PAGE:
ASPs: Snakes or Ladders for Mathematics?
Below you will find one of the papers submitted from a variety of organisations using technology to enhance assessment. If you would like to submit a case study to the list, then please send details to: email@example.com
We accept submissions from all parties – there is no restriction on length or content (although we do reserve the right to select individual submissions for publication). If you include images along with your submission, please ensure that the associated copyright allows for print and electronic reproduction.
Michael McCabe, Roy Williams and Lynn Pevy
We review our experience at the University of Portsmouth over the past academic year, following a shift from home-grown to mass-produced electronic resources from an educational publisher, Wiley Plus. We present the results of a survey on the way mathematics students taking calculus units in their 1st and 2nd year viewed the shift towards Plus, and the opinions of staff involved in tutoring and supporting them. We discuss whether a personalised approach to teaching and learning can be maintained in a world of global education. Should the shift towards Wiley Plus become total, remain partial or simply be reversed? To what extent should we continue to integrate other resources, particularly assessment questions (e.g. from MapleTA, WebCT/Blackboard or PRS) with Wiley Plus?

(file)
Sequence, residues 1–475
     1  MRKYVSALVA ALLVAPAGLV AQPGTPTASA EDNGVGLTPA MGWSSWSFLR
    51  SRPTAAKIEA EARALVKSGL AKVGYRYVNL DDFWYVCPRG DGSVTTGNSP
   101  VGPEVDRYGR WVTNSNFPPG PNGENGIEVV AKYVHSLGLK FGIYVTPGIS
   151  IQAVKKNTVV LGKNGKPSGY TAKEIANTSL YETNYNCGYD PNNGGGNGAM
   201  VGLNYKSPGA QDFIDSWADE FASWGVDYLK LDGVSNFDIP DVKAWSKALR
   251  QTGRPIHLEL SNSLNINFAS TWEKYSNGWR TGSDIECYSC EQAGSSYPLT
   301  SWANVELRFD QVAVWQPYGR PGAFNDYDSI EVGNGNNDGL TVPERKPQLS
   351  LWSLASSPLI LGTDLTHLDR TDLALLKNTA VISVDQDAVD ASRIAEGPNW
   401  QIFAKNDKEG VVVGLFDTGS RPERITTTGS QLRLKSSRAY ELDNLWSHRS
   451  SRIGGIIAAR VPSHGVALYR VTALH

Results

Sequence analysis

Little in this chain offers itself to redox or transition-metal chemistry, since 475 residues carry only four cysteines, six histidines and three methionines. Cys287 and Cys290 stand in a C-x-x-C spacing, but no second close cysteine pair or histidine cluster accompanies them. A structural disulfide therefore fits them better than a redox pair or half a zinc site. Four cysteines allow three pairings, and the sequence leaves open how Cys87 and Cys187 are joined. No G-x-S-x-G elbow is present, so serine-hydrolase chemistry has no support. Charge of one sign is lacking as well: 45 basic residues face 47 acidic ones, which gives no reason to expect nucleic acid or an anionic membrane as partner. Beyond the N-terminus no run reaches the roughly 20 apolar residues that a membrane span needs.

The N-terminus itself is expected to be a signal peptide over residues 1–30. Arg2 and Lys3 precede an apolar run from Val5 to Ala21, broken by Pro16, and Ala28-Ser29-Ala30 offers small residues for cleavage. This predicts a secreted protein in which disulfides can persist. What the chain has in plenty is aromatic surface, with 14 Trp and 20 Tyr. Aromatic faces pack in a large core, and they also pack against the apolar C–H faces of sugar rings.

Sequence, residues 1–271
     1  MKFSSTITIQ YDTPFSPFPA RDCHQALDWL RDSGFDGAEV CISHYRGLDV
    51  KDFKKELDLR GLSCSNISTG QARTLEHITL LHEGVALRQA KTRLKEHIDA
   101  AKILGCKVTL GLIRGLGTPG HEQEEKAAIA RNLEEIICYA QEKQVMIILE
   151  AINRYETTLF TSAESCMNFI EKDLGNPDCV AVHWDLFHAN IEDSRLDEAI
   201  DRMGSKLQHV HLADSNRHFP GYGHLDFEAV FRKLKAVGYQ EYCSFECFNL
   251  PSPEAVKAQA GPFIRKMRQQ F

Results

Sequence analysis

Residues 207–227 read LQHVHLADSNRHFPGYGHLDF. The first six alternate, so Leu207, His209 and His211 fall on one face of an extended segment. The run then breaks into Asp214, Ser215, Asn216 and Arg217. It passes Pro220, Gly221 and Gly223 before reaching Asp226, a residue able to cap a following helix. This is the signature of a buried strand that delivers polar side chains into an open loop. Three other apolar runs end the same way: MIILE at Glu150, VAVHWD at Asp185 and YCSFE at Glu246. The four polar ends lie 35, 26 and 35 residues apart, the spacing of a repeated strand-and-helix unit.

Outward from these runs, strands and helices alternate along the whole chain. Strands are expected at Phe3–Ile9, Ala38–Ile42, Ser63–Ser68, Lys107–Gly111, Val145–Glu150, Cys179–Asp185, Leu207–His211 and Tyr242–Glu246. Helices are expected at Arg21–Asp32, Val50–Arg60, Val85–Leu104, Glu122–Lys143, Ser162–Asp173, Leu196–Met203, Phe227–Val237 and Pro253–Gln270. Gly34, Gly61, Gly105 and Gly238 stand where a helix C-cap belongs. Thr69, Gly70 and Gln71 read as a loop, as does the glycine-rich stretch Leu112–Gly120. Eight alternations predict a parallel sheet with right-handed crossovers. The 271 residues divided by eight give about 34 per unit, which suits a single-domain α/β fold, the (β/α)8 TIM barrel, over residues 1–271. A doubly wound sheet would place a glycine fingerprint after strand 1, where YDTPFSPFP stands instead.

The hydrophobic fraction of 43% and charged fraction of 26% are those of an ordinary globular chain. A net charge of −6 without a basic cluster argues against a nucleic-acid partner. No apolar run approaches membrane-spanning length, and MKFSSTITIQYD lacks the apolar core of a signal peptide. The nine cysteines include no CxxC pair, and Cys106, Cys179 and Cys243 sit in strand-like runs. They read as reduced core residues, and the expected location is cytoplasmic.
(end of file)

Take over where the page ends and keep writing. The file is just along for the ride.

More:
Several other publishers of mathematics textbooks are providing comprehensive packages of interactive resources online. Application Services Providers (ASPs) create, store and deliver from their own server. Their resources include an electronic version of the text or e-book, supplementary materials, worked solutions, study guides, applets, formative assessment with extensive feedback and even summative assessment. Lecturers can customise these materials, most significantly by choosing questions for self-assessment tests and exams. Inevitably there are constraints on the extent to which they can modify or add to these materials.
Have ASPs improved the teaching and learning in our large classes of around 150 students? What about smaller classes? The stark choice between open source collaboration and commercial provision often polarises individual academics and even whole institutions. We argue that the ideal is a financially sound, hybrid model, which allows for greater customisation, sustainability, extension and interoperability than is currently available from either commercial providers or open source initiatives.